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What is the net ionic equation of sodium hydroxide when it dissolves in water?

For the net ionic equation I got $$\ce{NaOH(s) + H2O(l) -> NaH+(aq) + OH- (aq) + H2O(l)}$$ but it was wrong. Then I tried: $$\ce{NaOH(aq) -> Na+(aq) + OH- (aq)}$$ and it was wrong as well. Can someone please explain?

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    $\begingroup$ Your second answer is close but think about the state of sodium hydroxide before dissolving in water. $\endgroup$ – Ian Fang Apr 16 '15 at 2:19
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    $\begingroup$ Got it! NaOH is a solid! $\endgroup$ – jeterpaul Apr 16 '15 at 2:24
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When you write down the net ionic equation, you have to consider that the educt and the products are in different phases, a solid and a liquid phase. Undissolved $\ce{NaOH}$ is a solid, denoted by the index $\ce{(s)}$, while the dissolved $\ce{Na+}$ and $\ce{OH-}$ ions are solvated in the aqueous phase (index $\ce{(aq)}$ in the equation):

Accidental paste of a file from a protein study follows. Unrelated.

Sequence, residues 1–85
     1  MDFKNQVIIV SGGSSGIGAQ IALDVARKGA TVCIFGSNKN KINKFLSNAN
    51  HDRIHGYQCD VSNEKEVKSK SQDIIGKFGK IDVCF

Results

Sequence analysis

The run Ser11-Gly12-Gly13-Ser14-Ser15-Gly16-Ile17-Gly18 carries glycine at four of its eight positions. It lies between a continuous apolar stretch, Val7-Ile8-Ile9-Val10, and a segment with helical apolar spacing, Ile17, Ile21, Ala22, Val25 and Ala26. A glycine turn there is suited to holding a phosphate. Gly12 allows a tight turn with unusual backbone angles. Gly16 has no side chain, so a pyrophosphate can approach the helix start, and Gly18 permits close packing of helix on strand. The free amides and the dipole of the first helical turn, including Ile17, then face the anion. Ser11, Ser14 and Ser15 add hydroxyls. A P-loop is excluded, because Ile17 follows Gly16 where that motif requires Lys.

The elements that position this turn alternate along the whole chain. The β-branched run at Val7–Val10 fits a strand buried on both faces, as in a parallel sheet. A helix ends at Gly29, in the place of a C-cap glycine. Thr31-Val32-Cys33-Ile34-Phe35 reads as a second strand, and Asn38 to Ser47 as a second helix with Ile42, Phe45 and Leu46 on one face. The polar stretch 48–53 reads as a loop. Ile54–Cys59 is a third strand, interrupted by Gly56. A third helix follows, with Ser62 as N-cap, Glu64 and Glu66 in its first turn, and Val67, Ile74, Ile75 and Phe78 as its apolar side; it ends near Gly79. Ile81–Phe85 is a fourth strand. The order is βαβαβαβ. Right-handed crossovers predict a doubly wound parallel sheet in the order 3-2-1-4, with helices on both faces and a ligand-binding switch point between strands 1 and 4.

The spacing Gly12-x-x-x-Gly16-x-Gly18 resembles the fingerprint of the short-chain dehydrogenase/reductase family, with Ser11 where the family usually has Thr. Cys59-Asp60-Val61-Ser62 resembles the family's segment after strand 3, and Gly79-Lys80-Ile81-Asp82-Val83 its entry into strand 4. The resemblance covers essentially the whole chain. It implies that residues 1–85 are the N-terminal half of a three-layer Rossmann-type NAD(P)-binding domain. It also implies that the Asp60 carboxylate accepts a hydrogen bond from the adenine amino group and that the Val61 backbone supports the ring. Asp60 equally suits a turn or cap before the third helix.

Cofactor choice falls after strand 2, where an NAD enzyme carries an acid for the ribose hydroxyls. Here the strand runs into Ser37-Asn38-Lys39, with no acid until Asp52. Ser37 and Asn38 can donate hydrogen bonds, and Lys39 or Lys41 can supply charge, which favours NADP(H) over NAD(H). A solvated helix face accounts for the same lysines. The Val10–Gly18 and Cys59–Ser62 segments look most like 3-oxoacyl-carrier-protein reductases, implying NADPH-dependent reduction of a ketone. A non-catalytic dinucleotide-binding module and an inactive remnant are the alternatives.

$$\ce{NaOH(s) ~->~ Na+(aq) + OH^{-}(aq)}$$

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You don't need the H ion with the Na ion. You were correct the second time. and if there is two of the same product or reactant of on either side of the equation it is eliminated because it is just a spectator.

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    $\begingroup$ "NaOH (aq)" is not correct. See Jannis Andreska's answer. Identical products and reactants does not make them a spectator either, acid catalysis is a thing even in secondary school chemistry. $\endgroup$ – Nij Jan 11 '17 at 0:56

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